The Last Execution.
By Jesper Wung-Sung.
Mar. 2016. 144p. Simon & Schuster, $17.99
(9781481429658). Gr. 8–12.
This haunting slip of a novel reflects on the
final day of a 15-year-old boy slated for execution. Like a refrain, each chapter begins
by counting down the hours until Niels’ beheading for “arson and the
murder of the sheriff’s little
son with a stone.” The lyrical
text then meanders, sometimes through Niels’ mind
and recollections, sometimes
through the thoughts of
other townsfolk connected
to the execution. The baker
prepares raisin bread to sell to the crowd on
Gallows Hill; the messenger posts the official
notice of execution; the master carpenter takes
measurements for the coffin; the priest tries to
save the boy’s soul; the poet scribbles impressions of the morbid scene. Popular Danish
YA author Wung-Sung embroiders upon the
true story of the last execution performed
in Svendborg, thereby offering a fascinating
glimpse into the city in 1853. The mix of poetry and prose with shifting perspectives, all
told beneath the looming shadow of death,
is reminiscent of Edgar Lee Masters’ Spoon
River Anthology. As Niels’ story gently unfurls,
readers come to know the unfortunate—but
undeniably guilty—boy. His harsh, itinerant
life with his father, his dreams of seeing the
winding Mississippi River—these things enrich the tale and prick the conscience. Was his
death truly justice served? Thought provoking
and beautifully written, Niels’ plight will linger well beyond the page. —Julia Smith
By Deirdre Riordan Hall.
Mar. 2016. 388p. Amazon/Skyscape, paper, $9.99
(9781503948587); e-book, $4.99 (9781503935716).
How low can Pearl’s mother sink? The former rock star, Janet Jaeger, has spiraled down
a path of drugs, drinking, and homelessness,
prompting Pearl’s uncle to rescue the teen
by sending her off to an exclusive boarding
school. While school is clearly better than the
streets, it will be a long, difficult time before
Pearl can come to terms with the neglect and
danger she experienced, the conflicted love
she has for her mother, and this affluent new
world. When Janet eventually overdoses, she
leaves Pearl truly, achingly alone—her rich
uncle may pay the bills, but he does not offer
emotional support. She may, too, have more
in common with her mother than she would
like to admit, as she falls in with hard-partying
classmates who offer instant friendship and
camaraderie. Add a gruff, demanding art
teacher; a tender, budding romance; some
missteps; and tough self-questioning to round
out this intense coming-of-age story. Pearl’s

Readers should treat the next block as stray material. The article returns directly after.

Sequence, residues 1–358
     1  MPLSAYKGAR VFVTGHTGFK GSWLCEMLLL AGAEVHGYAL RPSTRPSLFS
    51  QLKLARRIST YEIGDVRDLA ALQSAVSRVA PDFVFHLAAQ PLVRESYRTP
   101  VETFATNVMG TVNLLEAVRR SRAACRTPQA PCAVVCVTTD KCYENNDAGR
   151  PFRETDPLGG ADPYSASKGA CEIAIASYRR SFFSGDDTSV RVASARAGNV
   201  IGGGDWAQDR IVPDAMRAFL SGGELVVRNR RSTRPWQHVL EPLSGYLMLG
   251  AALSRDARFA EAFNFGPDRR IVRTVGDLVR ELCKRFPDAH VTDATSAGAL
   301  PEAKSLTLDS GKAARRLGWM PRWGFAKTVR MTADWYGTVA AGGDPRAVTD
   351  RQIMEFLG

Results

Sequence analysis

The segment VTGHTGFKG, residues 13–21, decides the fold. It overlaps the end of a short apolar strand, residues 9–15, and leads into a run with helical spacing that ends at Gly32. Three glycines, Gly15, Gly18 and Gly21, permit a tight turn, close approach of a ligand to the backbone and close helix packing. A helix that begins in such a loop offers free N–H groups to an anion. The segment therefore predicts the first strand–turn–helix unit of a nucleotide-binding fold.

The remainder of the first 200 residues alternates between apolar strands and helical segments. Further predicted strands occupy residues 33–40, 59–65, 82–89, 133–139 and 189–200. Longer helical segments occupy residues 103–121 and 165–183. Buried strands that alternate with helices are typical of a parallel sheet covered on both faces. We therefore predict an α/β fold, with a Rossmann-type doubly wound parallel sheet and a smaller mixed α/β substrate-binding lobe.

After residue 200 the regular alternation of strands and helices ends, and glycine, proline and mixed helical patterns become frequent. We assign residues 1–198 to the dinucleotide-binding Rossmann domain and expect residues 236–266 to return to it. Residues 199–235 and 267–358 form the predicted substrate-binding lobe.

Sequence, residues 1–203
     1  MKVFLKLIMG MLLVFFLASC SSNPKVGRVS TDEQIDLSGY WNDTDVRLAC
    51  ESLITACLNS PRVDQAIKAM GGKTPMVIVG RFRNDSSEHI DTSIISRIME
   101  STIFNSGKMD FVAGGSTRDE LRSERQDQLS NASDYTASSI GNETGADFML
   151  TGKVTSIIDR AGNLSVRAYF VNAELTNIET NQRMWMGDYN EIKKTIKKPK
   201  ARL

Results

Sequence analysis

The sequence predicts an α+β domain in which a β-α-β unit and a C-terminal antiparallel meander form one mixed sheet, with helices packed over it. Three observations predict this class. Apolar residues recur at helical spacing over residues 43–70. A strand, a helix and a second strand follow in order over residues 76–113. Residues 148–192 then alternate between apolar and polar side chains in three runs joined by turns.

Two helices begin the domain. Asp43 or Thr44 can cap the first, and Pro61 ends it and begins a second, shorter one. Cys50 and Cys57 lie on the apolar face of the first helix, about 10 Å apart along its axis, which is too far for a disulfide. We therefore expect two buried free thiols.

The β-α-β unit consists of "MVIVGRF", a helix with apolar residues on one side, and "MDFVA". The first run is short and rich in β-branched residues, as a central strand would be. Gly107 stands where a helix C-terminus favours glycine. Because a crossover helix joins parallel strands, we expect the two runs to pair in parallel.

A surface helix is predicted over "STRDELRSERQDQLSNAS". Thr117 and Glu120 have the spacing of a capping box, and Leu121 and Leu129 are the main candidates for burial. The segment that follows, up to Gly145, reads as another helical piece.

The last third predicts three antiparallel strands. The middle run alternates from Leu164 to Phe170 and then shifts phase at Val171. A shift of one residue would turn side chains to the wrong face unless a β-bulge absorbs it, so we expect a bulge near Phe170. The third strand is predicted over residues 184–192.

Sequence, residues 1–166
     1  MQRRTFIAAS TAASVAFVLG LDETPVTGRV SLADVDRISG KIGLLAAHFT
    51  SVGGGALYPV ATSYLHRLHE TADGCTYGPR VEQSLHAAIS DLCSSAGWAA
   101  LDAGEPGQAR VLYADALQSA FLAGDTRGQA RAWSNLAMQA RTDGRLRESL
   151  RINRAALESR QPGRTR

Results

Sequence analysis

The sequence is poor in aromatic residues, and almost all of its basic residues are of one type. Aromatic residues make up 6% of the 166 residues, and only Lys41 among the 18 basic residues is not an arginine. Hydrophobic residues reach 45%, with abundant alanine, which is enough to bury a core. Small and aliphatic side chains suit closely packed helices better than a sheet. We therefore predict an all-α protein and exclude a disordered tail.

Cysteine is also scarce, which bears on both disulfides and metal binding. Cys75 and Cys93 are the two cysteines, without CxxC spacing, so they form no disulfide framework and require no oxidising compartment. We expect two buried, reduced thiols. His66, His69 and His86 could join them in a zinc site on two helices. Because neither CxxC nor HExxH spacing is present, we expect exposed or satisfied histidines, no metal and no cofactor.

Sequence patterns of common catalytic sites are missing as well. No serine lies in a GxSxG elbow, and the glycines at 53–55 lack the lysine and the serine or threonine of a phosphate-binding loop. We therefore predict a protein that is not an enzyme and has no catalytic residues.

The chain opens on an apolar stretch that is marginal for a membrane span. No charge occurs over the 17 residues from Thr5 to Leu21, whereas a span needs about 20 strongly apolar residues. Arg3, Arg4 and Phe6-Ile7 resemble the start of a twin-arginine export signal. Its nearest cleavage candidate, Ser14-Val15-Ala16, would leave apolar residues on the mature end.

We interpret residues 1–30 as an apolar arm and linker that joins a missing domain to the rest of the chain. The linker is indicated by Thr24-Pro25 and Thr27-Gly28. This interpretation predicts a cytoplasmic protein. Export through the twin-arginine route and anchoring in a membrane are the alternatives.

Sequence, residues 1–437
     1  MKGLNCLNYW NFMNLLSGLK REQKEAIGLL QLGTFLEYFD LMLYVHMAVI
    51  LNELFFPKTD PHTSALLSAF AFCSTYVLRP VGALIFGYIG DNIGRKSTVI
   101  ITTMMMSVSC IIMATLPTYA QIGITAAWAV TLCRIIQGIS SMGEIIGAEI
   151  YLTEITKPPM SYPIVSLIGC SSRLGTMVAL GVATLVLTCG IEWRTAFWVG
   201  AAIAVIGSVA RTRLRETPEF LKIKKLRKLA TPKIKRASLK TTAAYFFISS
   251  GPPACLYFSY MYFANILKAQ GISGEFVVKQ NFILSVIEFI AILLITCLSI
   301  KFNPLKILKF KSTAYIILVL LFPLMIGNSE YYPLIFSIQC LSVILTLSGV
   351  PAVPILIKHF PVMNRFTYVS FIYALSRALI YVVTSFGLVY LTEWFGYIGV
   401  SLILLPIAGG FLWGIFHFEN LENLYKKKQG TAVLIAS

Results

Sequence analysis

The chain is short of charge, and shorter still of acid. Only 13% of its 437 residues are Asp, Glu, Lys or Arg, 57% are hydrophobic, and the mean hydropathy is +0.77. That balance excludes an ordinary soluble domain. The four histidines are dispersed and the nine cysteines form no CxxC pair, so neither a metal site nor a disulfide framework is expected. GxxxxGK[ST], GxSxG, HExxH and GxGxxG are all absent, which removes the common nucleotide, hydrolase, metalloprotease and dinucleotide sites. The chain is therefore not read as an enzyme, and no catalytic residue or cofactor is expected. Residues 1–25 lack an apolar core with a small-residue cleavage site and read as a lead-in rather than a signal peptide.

desperate fight to discover who she is and who
she can become will grab teens from the start.
By Charles Benoit.
Mar. 2016. 288p. Clarion, $17.99 (9780544318861).
How does a guy who doesn’t steal or do drugs
get mixed up with selling cocaine? Through
deceit and sex, of course. When former drug
honcho Zod walks out of prison and back into
his life, Nick, who testified against him, knows
it’s bad news, but the person who proves far
more dangerous is Dawn. Her edgy Joan Jett
look gets under his skin immediately, and he
finds he would do anything for her—even if
it means double-crossing her abusive, drug-dealer boyfriend. Benoit’s quiet, noir-tinged
novel is largely devoted to sifting through
Nick’s thoughts and his efforts to reinvent his
life. His disenchantment with being sorted
into high-school cliques—bangers, polys,
jocks, brainiacs—prompts him to rebel against
the crowd and start carving his own path in
the world. It begins with a four-point list that
guides his decisions, but can Nick stick to his
new principles as things start spiraling out of
control? Atmosphere and tension outweigh action, but the compelling way in which Benoit
doles out details ensures that readers will plow
straight through to the end. —Julia Smith
What You Always Wanted.
By Kristin Rae.
Mar. 2016. 320p. Bloomsbury, $17.99 (9781619638211);
paper, $9.99 (9781619633452). Gr. 7–10.
Even with her dad’s job loss and a move from
Chicago to Houston, 16-year-old Maddie
knows what she wants—real friends, a career
on the stage, and a guy just like Gene Kelly.
The problem is most guys are into sports, not
singing and dancing. Enter good-looking
Jesse Morales, her new neighbor. The attraction is strong, but how could Maddie ever fall
for a guy who loves baseball more than the
stage? So she immerses herself in school and
community theater, both of which are run by
Jesse’s mom, and makes new friends who “get”
her. Still, she cannot get Jesse off her mind,
and the attraction is mutual. Perhaps the seed
of an idea from High School Musical led Rae to
create her latest novel, but this novel takes on
a life all its own. Narrated by Maddie’s winsome voice and incorporating issues of race,
vocational choice, tight finances, and what
makes a family, this sweet romance has a classic feel that will find a wide readership among
Glee fans. —Melissa Moore
Where You’ll Find Me.
By Natasha Friend.
Mar. 2016. 272p. Farrar, $16.99 (9780374302306).
Anna, the 13-year-old protagonist of
Friend’s bittersweet story, thinks her life is
falling apart. It’s bad enough her best friend,
Dani, doesn’t want to be friends anymore.
Anna also has to deal with her mother’s
recent suicide attempt. Now, while her
mother is in the hospital, Anna has to live
with her father, his new (and young) wife,
and their baby, Jane. At school, she sits at
Rape, Bullying, Shame
NEW TITLES AVAILABLE MAY 1, 2016
Mental Illness, Teen Runaways
Grades: YA | RL: 3.0
STICKS AND STONES